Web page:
The concept of duality is fundamental to understand the thought and philosophy of the Mexica people; it is expressed as the union of antagonistic forms that govern the conception of Gods and nature. This essential principle is represented in works like this small figurine of greenstone that depicts a character that shows, on one half, the mask of the God of rain, Tláloc; and on the other, a naked face. The date “8 reed” engraved on the front of the figurine commemorates one of the expansions of the Templo Mayor. This is why the image evokes exactly the symbolism of this double building dedicated to Tláloc and Huitzilopochtli; the couple that is a metaphor of the two seasons that ruled the destiny of the Mexicas: the raining season, when the land is worked, and the dry season, when they used to declare war. The piece was bought from the Brooklyn Museum, New York, in 1964. Arqlga. Bertina Olmedo Vera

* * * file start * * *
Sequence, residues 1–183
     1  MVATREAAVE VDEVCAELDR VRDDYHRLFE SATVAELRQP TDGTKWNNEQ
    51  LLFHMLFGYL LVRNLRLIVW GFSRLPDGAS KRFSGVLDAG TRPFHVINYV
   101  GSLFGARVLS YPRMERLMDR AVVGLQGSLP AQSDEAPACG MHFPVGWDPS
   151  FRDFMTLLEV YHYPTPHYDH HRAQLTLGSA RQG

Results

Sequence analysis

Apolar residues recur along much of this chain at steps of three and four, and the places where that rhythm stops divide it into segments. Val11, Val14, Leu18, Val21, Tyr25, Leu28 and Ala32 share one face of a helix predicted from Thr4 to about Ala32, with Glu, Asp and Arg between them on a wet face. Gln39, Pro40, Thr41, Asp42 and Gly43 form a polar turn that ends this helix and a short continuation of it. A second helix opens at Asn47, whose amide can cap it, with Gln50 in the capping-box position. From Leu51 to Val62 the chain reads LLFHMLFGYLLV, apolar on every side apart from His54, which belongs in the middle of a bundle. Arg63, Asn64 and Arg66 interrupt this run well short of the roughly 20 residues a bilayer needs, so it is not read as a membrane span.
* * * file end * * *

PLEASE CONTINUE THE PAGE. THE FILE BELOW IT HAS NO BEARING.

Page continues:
• Title: Figura de la dualidad
  • Creator: unknown
  • Date Created: 1250/1447
  • Physical Location: México
  • Physical Dimensions: w80 x h97 x d85 cm (complete)
  • Period: Posclásico Tardío (1250-1521 d.C.)
  • Altiplano Central: Mexica
  • Type: Sculpture
  • Rights: Instituto Nacional de Antropología e Historia., INAH. Proyecto de Digitalización de las Colecciones Arqueológicas del Museo Nacional de Antropología. CONACULTA-CANON-MNA.
  • External Link: http://www.mna.inah.gob.mx
  • Medium: Piedra Verde

Get the app

Explore museums and play with Art Transfer, Pocket Galleries, Art Selfie, and more


Google apps